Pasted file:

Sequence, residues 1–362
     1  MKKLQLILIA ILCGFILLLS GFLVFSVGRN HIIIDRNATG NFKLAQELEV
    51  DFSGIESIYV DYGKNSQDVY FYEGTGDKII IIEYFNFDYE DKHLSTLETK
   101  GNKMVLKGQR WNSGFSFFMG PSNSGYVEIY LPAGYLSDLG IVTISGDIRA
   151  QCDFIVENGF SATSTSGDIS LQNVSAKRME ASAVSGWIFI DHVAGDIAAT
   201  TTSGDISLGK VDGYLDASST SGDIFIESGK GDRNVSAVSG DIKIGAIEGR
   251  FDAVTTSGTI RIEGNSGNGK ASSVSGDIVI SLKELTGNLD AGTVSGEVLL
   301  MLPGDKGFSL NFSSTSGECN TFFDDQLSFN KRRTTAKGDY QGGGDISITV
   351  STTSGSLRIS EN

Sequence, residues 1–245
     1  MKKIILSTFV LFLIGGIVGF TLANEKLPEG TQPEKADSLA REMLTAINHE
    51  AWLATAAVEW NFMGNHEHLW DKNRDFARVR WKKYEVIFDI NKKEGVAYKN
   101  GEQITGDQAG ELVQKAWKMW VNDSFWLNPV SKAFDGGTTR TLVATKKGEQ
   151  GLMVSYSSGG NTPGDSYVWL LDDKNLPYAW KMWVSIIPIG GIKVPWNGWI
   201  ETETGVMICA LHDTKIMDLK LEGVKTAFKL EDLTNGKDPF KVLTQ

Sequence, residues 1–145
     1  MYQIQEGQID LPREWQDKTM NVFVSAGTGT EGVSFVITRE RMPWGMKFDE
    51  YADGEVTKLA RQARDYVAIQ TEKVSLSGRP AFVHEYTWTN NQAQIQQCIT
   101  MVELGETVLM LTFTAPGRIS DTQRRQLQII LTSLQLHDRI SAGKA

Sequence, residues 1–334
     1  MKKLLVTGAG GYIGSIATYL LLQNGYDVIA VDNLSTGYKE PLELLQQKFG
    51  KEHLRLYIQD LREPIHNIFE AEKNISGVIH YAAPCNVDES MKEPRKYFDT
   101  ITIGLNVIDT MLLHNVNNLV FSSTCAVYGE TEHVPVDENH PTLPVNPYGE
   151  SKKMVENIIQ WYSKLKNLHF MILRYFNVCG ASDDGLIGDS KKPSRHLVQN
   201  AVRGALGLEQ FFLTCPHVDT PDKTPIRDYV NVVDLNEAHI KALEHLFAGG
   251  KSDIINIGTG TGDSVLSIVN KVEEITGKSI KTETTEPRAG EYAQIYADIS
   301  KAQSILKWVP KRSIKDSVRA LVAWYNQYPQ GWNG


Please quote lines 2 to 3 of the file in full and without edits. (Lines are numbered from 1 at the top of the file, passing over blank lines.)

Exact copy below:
     1  MKKLQLILIA ILCGFILLLS GFLVFSVGRN HIIIDRNATG NFKLAQELEV
    51  DFSGIESIYV DYGKNSQDVY FYEGTGDKII IIEYFNFDYE DKHLSTLETK